Unsolicited editorials on cameras, lenses, film, developer, and black and white photography in general.

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Location: New Orleans, Louisiana, United States

Sunday, June 18, 2006

War Photographer (2001)

Robert Capa (Andre Friedmann) and James Nachtwey are the two most prominent war photographers of record. Capa's biography, Blood and Champagne, is an entertaining book, as is John Steinbeck's A Russian Journal, a brief summary of a trip to Russian taken by Steinbeck and Capa after WWII. Both are recommended reads.
There is no biography of James
Nachtwey's life [yet], but the documentary War Photographer is certainly a window into his life's work. While Capa and Nachtwey may be the two greatest war photographers, there couldn't be two more different people. Capa was a smoking, drinking, womanizing free spirit who took photographs for the money (to finance the smoking, drinking, and womanizing) and the fame. Nachtwey was cut from a different bolt of cloth. He is reserved, soft-spoken, and pensive. And he takes photographs in hopes of making a difference.
The 90-minute film (video, actually) begins with Capa's familiar quote "If your pictures aren't good enough, you aren't close enough." You then get a very good feel for just how close Nachtwey gets to his subjects. A micro-video camera mounted on the top of Nachtwey's Canon SLR documents his position and distance while shooting in a variety of situations. He does get close, and is able to do so in no small part due to his appearance. He is tall, thin, and completely innocuous in his demeanor. While Capa might have looked like a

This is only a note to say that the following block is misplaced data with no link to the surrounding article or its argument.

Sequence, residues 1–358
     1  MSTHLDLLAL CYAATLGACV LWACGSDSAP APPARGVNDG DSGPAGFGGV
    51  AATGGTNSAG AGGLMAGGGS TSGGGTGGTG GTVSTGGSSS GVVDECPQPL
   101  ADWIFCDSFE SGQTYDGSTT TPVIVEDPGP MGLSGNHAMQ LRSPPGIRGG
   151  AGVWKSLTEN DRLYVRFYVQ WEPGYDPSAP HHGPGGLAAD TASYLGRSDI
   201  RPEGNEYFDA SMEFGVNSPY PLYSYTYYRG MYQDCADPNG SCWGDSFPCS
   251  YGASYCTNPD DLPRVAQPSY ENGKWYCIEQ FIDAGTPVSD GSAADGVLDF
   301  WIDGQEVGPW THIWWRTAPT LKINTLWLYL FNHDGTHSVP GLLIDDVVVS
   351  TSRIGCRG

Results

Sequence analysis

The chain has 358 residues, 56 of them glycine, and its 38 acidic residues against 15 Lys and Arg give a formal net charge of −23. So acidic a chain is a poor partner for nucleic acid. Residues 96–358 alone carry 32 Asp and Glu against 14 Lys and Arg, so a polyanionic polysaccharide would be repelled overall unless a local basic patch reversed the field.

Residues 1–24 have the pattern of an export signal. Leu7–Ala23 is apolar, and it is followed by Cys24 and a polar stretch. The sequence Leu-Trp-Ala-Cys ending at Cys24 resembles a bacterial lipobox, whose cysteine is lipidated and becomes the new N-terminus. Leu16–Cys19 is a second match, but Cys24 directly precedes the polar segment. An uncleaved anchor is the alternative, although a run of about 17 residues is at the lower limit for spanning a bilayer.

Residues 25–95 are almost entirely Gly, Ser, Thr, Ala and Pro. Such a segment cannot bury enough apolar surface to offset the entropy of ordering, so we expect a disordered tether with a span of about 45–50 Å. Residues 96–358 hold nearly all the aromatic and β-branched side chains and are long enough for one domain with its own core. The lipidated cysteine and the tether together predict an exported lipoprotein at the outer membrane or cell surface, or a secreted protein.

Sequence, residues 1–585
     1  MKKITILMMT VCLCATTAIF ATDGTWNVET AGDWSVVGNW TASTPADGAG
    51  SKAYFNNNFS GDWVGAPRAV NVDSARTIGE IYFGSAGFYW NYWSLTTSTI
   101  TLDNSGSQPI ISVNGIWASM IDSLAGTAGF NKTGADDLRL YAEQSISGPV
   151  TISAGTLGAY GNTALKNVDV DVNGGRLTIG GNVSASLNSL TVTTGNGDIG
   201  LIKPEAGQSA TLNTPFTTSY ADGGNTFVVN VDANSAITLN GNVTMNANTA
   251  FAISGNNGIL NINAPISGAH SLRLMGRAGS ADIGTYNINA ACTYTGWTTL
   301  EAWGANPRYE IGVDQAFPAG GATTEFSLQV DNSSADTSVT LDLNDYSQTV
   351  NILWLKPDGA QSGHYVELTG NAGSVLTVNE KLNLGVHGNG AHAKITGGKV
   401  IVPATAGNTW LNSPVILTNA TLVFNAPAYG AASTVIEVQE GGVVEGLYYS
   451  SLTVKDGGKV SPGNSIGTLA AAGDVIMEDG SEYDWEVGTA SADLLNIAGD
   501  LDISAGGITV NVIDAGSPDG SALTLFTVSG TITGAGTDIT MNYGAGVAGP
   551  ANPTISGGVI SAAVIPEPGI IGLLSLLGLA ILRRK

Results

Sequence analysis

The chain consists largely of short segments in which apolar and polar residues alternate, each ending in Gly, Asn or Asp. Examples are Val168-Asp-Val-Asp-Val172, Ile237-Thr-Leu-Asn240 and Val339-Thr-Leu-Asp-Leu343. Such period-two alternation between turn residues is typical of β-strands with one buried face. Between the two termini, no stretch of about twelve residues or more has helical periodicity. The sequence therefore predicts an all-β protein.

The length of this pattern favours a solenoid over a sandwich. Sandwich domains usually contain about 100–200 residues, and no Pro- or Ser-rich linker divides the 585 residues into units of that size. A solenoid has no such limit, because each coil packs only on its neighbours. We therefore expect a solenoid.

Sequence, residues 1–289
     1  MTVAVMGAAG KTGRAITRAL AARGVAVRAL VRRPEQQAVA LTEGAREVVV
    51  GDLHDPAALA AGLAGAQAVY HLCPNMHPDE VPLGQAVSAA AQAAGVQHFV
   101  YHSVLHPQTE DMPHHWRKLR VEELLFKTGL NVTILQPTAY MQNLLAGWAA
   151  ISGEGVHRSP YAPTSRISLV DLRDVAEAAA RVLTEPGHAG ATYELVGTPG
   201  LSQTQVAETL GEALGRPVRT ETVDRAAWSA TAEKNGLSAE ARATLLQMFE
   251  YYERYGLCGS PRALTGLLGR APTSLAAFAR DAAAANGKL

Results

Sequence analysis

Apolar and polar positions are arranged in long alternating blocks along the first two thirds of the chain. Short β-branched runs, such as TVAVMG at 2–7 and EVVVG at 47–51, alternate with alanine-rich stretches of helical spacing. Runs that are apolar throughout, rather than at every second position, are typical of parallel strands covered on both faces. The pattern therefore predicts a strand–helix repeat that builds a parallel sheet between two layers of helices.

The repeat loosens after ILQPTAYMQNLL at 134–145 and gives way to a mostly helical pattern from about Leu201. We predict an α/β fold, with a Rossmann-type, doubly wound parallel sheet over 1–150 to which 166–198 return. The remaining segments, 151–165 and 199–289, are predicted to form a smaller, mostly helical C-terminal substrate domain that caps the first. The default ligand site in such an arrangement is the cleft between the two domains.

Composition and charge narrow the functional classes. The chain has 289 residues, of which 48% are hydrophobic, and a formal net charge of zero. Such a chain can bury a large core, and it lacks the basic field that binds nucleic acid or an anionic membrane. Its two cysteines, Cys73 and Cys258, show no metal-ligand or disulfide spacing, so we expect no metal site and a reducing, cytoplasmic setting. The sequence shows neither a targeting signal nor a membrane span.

swaggering Mediterranean movie star type, Nachtwey looks like a male model for Wall Street business clothing. He looks empathetic, and people let him photograph them during the most terribly tragic moments in their life.
While his primary genre is war photography, there is relatively little emphasis on the dead. A dead soldier might be regarded as a pawn that has been taken out of the game. Once killed, he no longer ceases to exist, at least as a being with feelings. It is difficult to feel sorrow for the dead as they no longer suffer. Nachtwey devotes nearly all of his attention on those who continue to suffer from war, the parents, the spouses, the children, and the siblings of the dead, those still living. And it is easy to grieve for them.
In addition to photographing war, Nachtwey documents destitution caused by poverty and famine. Many of those photographs are far more tragic than the war photographs. And he spends considerable time on deplorable working and living conditions (primarily in Indonesia).
This is not a feel-good movie, and it might not appeal to a non-photographer. I'm not sure I would want to see it twice in the same year. It did garner an Academy Award nomination for Best Documentary Feature in 2001. The primary dialogue is German and English, so there are subtitles. It has been translated (via subtitles) into Spanish, French, German, and Italian.